Adam Sandler is excellent as a New York gem dealer in trouble for gambling debts in this high octane drama from Josh and Bennie Safdie.
I became a fan of the Safdie brothers, Josh and Benny, after I saw their previous film from a couple years ago, Good Time, which I reviewed on this show. Good Time covered a day or two in the life of a manic, risk-taking criminal played by Robert Pattinson. That was a propulsion rocket of a film in which each crazy predicament seemed to outdo the last one. The Safdie brothers write and direct their pictures together with screenwriting and editing help from their friend Ronald Bronstein. Their new film is called Uncut Gems, and its style and energy are similar to Good Time, but more so. Much more so.
Adam Sandler plays Howard Ratner, a gem dealer in the famed Diamond District of Manhattan. Howard is always on the move, always trying to make the next deal, while at the same time always trying to get out of whatever scrape he’s gotten himself into. He’s a gambling addict, making bets on basketball games with a recklessness that is pretty close to being deranged. Married with three kids, his wife his fed up with his antics and wants a divorce. He lives in a separate apartment with his much younger lover (and employee) Julia, played by Julia Fox.
The plot gets rolling when Howard buys an uncut Ethiopian black opal, a stone which contains brilliant differently colored gleaming gems on its surface. Boston Celtics basketball star Kevin Garnett—playing himself, and quite well, I might add—visits Howard’s shop and wants the opal, but Howard has committed it to a big auction dealer. Garnett pleads with him and then Howard unwisely lets him borrow the stone for a few days, holding his championship ring as collateral, which he then goes and pawns for money to bet on the next Celtics game. Meanwhile he owes a lot of money to a guy named Arno, played by a weary-looking Eric Bogosian, who has hired a couple of thugs to get the money back from Howard through threats and violence. Later in the film, at a Passover celebration at Howard’s family home, we are surprised to see Arno in attendance. Apparently he’s an in-law. Now, the plot description doesn’t do justice to this film’s relentless rhythm, as Sandler’s character scrambles through one tense scene after another in pursuit of the big score, almost always talking on his cell phone, while trying to avoid his enemies.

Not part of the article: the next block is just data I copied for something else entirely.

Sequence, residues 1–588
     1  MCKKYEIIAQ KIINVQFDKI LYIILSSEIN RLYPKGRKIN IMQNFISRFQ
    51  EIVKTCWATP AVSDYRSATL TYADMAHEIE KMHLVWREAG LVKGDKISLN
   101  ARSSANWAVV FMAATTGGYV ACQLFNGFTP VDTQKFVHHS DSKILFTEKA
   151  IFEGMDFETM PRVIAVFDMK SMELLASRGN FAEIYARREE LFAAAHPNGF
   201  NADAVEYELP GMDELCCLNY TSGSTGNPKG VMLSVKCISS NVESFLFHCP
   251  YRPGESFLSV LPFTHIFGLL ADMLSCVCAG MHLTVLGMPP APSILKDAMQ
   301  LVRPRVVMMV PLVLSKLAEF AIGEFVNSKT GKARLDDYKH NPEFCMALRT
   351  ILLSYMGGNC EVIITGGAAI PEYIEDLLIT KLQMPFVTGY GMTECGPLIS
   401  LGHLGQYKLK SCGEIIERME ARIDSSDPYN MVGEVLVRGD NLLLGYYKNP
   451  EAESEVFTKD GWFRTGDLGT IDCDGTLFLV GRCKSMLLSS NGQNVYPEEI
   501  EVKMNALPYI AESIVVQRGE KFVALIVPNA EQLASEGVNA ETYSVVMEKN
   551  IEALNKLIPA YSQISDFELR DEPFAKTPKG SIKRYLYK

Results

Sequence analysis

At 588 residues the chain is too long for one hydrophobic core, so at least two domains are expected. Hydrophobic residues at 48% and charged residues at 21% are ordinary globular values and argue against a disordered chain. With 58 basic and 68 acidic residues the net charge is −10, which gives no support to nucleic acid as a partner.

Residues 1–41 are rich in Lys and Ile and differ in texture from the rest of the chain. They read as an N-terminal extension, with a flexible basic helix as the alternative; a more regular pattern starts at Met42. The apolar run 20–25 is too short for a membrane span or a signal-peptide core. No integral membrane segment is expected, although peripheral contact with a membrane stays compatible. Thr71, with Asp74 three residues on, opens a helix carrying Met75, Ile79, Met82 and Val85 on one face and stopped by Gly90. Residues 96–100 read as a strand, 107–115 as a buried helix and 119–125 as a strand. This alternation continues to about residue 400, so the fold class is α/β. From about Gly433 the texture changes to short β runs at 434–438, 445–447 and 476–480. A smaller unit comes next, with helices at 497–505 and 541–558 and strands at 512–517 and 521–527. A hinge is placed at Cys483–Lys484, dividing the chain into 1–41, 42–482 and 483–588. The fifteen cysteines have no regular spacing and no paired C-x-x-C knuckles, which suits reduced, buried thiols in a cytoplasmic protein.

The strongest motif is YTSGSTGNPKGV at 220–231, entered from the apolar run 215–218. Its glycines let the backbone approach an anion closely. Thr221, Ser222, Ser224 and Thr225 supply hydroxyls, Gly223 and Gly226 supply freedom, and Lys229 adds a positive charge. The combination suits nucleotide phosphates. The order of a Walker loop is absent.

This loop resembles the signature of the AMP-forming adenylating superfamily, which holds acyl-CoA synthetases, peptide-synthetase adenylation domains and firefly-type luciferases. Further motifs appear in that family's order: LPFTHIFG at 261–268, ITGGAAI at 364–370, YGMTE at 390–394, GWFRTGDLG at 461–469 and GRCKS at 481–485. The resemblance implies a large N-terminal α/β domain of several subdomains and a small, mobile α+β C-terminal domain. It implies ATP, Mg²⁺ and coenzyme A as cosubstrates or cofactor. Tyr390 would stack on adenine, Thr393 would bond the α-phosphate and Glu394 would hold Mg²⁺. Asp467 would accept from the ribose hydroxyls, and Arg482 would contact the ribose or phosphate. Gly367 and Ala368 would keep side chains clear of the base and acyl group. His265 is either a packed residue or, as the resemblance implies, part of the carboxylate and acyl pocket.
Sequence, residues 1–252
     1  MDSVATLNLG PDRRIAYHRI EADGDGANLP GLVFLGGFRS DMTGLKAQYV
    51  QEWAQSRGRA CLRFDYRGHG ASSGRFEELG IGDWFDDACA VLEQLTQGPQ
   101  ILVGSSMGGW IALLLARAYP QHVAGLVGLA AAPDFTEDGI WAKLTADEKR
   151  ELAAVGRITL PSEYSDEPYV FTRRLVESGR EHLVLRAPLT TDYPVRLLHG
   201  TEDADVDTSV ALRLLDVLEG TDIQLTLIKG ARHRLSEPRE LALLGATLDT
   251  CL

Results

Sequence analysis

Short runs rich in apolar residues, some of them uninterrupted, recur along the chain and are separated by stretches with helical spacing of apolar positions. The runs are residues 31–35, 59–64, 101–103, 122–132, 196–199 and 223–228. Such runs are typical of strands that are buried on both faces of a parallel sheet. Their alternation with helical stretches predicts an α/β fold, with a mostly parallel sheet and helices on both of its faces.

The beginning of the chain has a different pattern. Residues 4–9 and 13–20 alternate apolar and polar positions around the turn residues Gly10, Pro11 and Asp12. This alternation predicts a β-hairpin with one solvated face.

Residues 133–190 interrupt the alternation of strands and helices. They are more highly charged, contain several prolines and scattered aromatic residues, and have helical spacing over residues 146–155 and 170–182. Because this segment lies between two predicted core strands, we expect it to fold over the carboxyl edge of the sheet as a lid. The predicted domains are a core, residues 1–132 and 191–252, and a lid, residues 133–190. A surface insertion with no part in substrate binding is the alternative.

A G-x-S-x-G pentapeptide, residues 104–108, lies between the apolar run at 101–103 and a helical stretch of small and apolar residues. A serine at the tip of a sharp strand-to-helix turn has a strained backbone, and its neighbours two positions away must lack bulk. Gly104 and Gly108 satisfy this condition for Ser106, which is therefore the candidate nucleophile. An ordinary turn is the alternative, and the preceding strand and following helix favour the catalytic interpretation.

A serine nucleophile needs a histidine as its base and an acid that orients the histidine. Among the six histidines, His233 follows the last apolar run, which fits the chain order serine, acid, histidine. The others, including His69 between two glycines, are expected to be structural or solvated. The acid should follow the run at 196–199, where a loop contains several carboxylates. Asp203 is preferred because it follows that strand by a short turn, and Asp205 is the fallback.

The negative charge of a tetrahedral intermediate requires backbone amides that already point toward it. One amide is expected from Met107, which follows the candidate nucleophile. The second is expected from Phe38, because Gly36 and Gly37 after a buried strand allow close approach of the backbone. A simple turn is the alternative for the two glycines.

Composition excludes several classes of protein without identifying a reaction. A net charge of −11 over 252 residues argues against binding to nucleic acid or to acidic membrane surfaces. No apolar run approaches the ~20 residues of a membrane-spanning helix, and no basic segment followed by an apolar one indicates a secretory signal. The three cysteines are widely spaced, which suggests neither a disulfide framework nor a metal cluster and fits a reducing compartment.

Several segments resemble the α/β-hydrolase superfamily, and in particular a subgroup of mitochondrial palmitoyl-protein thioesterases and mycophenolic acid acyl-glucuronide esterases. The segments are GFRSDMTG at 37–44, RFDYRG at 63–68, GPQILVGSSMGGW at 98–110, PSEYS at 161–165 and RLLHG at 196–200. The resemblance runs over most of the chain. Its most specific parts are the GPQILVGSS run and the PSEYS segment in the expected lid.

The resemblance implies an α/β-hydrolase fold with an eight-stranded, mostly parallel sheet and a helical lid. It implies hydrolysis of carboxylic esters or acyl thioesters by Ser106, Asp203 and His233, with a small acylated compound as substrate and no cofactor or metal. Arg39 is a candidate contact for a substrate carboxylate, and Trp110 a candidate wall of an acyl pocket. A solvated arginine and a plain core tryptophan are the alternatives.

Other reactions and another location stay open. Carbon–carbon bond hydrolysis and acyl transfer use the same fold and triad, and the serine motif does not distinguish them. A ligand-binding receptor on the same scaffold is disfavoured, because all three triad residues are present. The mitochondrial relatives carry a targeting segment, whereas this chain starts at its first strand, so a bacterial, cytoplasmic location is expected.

I’ve heard that some folks who don’t read film reviews—and I realize many people don’t—have gone to this movie expecting a typical Adam Sandler film, and ended up walking out. This is not a comedy. Now, once in awhile Sandler has tried doing something different than usual, such as, for example, Punch-Drunk Love or even Spanglish, and this one is played absolutely straight, although there’s a grim sense of humor at times if you pay attention. In any case, it’s excellent work by Sandler.
Howard is a maniacally driven individual, liable to lash out or do self-destructive things when he wants what he wants now, and Sandler’s intense, crouching presence really draws you in. The film is practically designed to raise your blood pressure, with not very much down time in between scenes of yelling and arguing, overlapping dialogue, intermittent fear, violence and bullying, all the while accompanied by Daniel Lopatin’s pulsating musical score.
The Safdies are very interested in urban Jewish life, and especially in restless and ambitious Jewish people, driven by neurosis and dissatisfaction, and they really capture that feeling in this film. Howard, and the film, seems always poised just on the edge of disaster, and the audience feels that something terrible could happen at any moment. This suspense reaches its absolute height during the last half hour or so of the movie, which I won’t spoil by describing. I’ll only say that when you hear the phrase “on the edge of your seat” this is kind of what that means. Uncut Gems is a terrific piece of work, and Adam Sandler gets to show how good an actor he can be when he’s given a chance.